But here was my issue. Reygan screamed idiot to me from beginning to end. All I can say is she has a thing for abusive men. Granted in Beauty and the Beast, the beast had some anger issues but Reygan’s first and then on going interaction with Aasim (for some chapters) are down right verbally abusive. What really through me for a loop was how she ended up in his home and the exact moment you see her feelings for him change. It was as if someone clicked a switch. I was just shocked in all honesty as to not how easy. . . well how easy it was for her to get a soft side to him.

Other than that the pace of the novel was alright. There was a lot of moving parts, which kept me interested in the book. I wanted more fairy tale aspect to this book and that is really because I am a fantasy reader. I also wanted more description of apperances. The author glimpes over this. There wasn’t enough for me to drool.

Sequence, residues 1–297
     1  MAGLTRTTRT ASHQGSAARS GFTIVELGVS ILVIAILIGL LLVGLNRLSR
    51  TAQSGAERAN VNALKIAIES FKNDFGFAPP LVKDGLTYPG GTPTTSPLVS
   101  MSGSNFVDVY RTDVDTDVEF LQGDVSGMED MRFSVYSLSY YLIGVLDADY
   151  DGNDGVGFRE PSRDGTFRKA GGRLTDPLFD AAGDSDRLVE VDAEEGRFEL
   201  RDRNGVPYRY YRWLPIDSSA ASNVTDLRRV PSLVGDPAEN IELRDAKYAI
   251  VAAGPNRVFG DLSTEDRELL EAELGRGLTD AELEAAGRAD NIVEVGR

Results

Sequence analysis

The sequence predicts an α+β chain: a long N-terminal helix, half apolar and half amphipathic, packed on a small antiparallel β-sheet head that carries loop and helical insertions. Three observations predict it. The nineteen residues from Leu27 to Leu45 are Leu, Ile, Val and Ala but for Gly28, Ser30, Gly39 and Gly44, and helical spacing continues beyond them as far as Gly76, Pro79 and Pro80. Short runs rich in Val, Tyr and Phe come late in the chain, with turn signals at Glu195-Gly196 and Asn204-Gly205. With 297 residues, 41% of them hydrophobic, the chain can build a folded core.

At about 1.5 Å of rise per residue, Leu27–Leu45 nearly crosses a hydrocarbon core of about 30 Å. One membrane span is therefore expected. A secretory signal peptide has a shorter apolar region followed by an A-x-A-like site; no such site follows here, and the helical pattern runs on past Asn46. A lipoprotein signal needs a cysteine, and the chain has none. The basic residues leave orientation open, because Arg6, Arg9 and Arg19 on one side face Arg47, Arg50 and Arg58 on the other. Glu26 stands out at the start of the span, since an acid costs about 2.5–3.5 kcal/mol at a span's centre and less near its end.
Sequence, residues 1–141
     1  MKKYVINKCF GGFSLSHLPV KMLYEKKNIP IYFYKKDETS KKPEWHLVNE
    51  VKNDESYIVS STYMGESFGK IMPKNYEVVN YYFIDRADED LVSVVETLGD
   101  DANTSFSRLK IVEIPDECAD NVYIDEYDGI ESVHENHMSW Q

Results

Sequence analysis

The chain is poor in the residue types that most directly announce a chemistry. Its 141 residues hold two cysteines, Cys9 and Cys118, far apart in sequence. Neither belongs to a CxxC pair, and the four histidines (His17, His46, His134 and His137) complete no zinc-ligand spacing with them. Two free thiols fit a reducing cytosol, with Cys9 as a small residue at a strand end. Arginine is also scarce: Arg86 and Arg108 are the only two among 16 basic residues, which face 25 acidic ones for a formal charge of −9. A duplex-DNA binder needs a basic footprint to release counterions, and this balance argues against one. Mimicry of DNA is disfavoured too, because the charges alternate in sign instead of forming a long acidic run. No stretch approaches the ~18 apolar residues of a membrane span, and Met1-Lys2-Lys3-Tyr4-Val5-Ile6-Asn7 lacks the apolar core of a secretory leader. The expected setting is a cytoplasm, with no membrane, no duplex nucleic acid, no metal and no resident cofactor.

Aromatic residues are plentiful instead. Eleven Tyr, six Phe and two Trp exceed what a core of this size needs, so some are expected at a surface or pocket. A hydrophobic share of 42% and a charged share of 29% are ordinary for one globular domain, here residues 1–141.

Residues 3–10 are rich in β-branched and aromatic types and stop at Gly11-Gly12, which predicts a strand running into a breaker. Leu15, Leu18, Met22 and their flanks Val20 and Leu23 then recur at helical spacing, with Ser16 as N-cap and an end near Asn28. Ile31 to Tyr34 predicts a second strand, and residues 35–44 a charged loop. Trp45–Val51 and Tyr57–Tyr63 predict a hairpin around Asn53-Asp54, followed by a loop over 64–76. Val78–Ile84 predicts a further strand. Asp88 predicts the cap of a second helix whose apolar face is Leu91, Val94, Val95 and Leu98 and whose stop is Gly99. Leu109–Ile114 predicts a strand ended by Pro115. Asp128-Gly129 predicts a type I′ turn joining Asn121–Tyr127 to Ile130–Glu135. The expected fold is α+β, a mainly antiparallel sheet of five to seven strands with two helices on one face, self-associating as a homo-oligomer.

Overall, not a bad read. Long but not bad at all. But as previously mentioned the cursing in everyday conversation was a bit too much for me.

2.5 Pickles

Book Review: Beast: A Tale of Love and Revenge by Lisa Jensen

Candlewick Press
TBP July 10, 2018
352 Pages

They say Château Beaumont is cursed. But servant-girl Lucie can’t believe such foolishness about handsome Jean-Loup Christian Henri LeNoir, Chevalier de Beaumont, master of the estate. But when the chevalier’s cruelty is revealed, Lucie vows to see him suffer. A wisewoman grants her wish, with a spell that transforms Jean-Loup into monstrous-looking Beast, reflecting the monster he is inside.